I have someone that entered their debit card for Apple purchases. They are claiming that they only authorized a few transactions and the rest are fraudulent (even though there are "authorized" transactions in the middle of the "unauthorized" transactions). Is this customer covered under Regulation E? They are claiming these charges started back in January 2020.
What avenues of recovery are there for an issuing bank where their customer is killed abroad, and fraudulent transactions are made by the perpetrator after the killing and subsequent theft? The killing occurred 26 days ago, and the transactions occurred the day of the killing and the following day.To make matters worse, the card used was a MasterCard debit card, and the perpetrator somehow obtained access to the PIN.
We have a question on garnishment/levies. If we receive one do we need to verify they do not have other accounts with the bank or does it go strictly off the account number in question? We have a trust department, wealth management area, etc.
How do I title an account in this situation, mother is in nursing home, daughter is Representative Payee for Social Security and has POA. Also, how do I have the daughter sign the signature card?
In regards to fraudulent debit card charges, the bank I work at in California requires our customers to try to get the money back (even though it's fraud) before they will file the claim. From working at other banks, it was always my understanding that when it's a fraudulent charge, we file the claim and the customers do not have to try to get any money back. Are we in violation by requiring them to contact the stores/vendors to try to get money back? We haven't come across any situations where the vendor can even bring up the charge since it's not in our customer's name and we don't have any order number or anything.
What is the escheatment period for a dormant share IRA with a CU?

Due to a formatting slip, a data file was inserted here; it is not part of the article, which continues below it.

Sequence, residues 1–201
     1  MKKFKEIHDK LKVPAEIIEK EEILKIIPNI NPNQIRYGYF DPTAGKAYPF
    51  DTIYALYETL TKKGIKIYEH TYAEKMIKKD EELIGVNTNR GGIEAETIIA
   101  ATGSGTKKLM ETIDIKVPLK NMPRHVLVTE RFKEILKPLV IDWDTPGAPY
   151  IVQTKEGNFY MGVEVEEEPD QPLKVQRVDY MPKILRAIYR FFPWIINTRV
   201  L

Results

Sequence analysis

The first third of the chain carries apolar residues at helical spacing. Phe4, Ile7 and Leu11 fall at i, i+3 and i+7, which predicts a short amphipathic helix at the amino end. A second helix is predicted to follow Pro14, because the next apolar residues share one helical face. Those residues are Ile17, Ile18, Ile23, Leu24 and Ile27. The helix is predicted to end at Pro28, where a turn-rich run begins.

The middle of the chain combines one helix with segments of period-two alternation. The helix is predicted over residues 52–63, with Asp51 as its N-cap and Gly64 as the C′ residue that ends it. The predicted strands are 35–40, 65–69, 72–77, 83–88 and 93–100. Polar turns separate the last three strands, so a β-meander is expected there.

Say a member share account is dormant and member is under 59 1/2 with an IRA attached to the share. When should this account been sent to the state?
If a bank completes its investigation and sends the consumer a final letter stating the claim has been closed and the provisional credit is now the final credit, but later determines that the consumer is actually liable for the transaction, can the bank change it's mind and send a provisional credit reversal letter and debit the consumer's account, as long as it's within the time limits set by Reg E?
For an example, the final letter is sent on day 35 closing the claim. Five days later, additional information is discovered that shows the consumer is responsible. So on day 41, from the date of notice, the bank reopens the claim and sends a new letter to the consumer to reverse the provisional credit.
May a US citizen add a foreign spouse on their checking account and have them receive a debit card?
Is a Notice Regarding Overdraft Fees disclosure required to be posted on an ATM? A question was recently asked about required ATM signage (https://www.bankersonline.com/qa/required-signage-atm) however I did not see mention of this Notice. Could this be a CA specific notice or one that may have been required in the past? The notice reads “If you do not have sufficient funds in your account for the withdrawal amount requested,completing the transaction may result in overdraft fees if you have given us prior permission to complete such transaction….”
We have an account (PA-UTMA) set up for a minor (niece). The custodian (uncle) closed the account and transferred the money into his personal checking account. Is this allowed?